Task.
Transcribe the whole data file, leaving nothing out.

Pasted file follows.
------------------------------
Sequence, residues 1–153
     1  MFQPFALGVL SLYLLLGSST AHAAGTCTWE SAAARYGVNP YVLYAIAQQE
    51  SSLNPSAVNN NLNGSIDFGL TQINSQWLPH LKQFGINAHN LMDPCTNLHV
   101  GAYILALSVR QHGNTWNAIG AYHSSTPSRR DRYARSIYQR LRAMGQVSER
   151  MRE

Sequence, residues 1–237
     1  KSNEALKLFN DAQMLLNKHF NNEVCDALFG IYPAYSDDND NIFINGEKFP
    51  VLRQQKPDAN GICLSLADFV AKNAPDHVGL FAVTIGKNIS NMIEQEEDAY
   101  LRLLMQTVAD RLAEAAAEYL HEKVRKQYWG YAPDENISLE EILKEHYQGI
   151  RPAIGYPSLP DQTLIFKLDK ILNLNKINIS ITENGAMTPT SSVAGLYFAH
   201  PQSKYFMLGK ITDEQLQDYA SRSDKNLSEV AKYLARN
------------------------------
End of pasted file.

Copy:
Sequence, residues 1–153
     1  MFQPFALGVL SLYLLLGSST AHAAGTCTWE SAAARYGVNP YVLYAIAQQE
    51  SSLNPSAVNN NLNGSIDFGL TQINSQWLPH LKQFGINAHN LMDPCTNLHV
   101  GAYILALSVR QHGNTWNAIG AYHSSTPSRR DRYARSIYQR LRAMGQVSER
   151  MRE

Sequence, residues 1–237
     1  KSNEALKLFN DAQMLLNKHF NNEVCDALFG IYPAYSDDND NIFINGEKFP
    51  VLRQQKPDAN GICLSLADFV AKNAPDHVGL FAVTIGKNIS NMIEQEEDAY
   101  LRLLMQTVAD RLAEAAAEYL HEKVRKQYWG YAPDENISLE EILKEHYQGI
   151  RPAIGYPSLP DQTLIFKLDK ILNLNKINIS ITENGAMTPT SSVAGLYFAH
   201  PQSKYFMLGK ITDEQLQDYA SRSDKNLSEV AKYLARN